Major state-owned Chinese firms will be encouraged to sell significant stakes of themselves to outside strategic partners, under a new three-year program that marks the latest move in Beijing’s campaign to make the group more efficient and market-oriented, reported Caixin.
“We encourage state-owned, publicly listed holding companies to introduce strategic investors by offering them 5% or even more equity to participate in governance as active shareholders,” said Weng Jieming, vice chairman of the State-owned Assets Supervision and Administration Commission (SASAC), which oversees China’s largest state-owned enterprises (SOEs). He added that non-publicly traded SOEs could sell even larger stakes to similar strategic investors.
Weng made his remarks at a news conference to discuss the new three-year campaign, which will run through 2022 and is part of a drive that Beijing hopes can create world-class companies from its state-run giants. While such companies generally do well in China due to their state support and frequently protected status in their sectors, most are still highly bureaucratic and inefficient in other ways due to lack of major competition, said Caixin.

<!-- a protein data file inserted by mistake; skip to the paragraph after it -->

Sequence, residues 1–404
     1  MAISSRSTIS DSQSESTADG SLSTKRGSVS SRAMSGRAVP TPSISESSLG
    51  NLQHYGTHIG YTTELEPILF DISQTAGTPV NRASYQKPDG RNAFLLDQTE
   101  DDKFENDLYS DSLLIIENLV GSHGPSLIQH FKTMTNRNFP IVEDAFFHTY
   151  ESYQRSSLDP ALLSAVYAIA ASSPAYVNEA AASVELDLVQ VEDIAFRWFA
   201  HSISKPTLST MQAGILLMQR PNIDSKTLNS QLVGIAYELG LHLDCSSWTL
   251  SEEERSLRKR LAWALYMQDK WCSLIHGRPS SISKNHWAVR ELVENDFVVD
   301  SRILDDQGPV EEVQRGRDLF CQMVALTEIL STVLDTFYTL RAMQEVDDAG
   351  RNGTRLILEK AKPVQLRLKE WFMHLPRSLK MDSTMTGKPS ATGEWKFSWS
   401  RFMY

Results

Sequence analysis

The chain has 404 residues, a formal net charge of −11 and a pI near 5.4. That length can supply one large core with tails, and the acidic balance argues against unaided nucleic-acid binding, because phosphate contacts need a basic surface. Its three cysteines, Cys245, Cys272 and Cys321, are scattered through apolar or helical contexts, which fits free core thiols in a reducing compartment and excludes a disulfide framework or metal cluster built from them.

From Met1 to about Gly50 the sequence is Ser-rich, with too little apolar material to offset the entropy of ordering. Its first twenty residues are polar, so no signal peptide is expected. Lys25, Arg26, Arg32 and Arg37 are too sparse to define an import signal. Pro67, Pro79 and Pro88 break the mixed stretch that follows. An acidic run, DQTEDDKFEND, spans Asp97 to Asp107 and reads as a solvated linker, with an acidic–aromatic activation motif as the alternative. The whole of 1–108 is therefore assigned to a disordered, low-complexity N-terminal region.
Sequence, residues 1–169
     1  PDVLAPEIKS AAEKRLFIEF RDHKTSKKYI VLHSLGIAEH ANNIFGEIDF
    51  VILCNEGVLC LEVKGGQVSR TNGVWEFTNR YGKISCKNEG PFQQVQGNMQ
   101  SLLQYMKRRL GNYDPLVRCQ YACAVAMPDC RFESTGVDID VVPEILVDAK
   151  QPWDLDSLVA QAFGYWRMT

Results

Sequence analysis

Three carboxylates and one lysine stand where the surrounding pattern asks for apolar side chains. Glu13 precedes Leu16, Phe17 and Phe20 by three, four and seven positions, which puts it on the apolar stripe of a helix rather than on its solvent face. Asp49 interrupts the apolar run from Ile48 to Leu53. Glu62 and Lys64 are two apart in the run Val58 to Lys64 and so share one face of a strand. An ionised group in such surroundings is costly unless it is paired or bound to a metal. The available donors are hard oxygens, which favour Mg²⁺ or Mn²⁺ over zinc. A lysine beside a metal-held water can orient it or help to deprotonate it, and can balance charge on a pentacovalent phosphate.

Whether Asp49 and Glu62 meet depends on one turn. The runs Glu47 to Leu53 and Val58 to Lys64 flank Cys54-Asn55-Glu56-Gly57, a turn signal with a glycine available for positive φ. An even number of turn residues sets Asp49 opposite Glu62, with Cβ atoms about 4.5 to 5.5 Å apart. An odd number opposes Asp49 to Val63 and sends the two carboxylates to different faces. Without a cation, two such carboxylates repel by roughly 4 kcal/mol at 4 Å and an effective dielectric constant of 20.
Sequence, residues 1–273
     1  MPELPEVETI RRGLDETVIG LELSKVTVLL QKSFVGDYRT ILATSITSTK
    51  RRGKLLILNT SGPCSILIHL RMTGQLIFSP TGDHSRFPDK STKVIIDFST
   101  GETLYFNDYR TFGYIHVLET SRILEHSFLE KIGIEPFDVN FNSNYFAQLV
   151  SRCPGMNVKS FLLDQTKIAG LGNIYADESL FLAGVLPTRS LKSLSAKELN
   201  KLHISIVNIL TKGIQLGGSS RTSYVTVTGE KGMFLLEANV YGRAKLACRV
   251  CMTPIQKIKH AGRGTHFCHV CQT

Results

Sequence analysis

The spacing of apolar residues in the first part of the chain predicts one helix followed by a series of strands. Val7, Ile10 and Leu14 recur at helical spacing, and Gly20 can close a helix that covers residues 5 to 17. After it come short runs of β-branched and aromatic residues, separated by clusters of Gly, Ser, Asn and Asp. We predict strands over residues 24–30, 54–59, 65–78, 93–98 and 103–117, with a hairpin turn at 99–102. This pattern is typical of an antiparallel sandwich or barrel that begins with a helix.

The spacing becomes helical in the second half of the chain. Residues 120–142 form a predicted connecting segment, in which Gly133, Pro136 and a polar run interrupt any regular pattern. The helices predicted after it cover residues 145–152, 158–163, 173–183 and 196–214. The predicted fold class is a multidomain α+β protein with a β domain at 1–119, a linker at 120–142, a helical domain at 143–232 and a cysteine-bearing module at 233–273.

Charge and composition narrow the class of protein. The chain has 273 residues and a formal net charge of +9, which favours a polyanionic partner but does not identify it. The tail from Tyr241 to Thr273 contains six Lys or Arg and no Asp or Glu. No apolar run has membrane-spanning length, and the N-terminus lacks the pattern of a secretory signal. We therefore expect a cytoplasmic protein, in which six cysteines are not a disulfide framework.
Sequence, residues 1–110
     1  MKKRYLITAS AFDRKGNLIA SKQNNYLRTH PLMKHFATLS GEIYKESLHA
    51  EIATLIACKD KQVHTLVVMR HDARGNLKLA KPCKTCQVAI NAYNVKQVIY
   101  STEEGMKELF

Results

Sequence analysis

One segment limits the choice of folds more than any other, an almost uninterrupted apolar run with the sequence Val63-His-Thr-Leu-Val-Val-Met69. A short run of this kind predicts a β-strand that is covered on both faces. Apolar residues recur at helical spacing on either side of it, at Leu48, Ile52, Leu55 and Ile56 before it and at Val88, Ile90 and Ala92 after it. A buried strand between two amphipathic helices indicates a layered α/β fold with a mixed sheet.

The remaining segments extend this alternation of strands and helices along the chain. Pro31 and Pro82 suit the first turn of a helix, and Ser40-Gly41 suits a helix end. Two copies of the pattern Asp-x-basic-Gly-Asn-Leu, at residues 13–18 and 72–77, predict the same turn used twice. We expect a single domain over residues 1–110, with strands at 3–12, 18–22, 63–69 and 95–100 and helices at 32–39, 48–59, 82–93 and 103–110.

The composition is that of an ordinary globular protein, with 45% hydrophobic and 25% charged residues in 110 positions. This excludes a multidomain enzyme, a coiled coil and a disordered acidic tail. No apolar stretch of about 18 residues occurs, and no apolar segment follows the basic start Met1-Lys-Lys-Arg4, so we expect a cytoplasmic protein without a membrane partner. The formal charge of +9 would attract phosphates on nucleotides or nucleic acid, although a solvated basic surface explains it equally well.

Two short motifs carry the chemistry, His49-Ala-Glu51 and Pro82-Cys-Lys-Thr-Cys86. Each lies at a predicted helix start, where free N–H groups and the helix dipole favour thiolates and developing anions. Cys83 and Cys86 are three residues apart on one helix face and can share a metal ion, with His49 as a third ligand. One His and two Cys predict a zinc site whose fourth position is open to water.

Weng said the latest program is aimed at boosting the country’s broader “mixed-ownership” reform program that dates back to 2013. That plan also encourages the introduction of outside partners, often specialists from the private sector. Such partners were often also allowed to take small stakes in the company as part of the package, but such stakes rarely came up to the latest 5% threshold.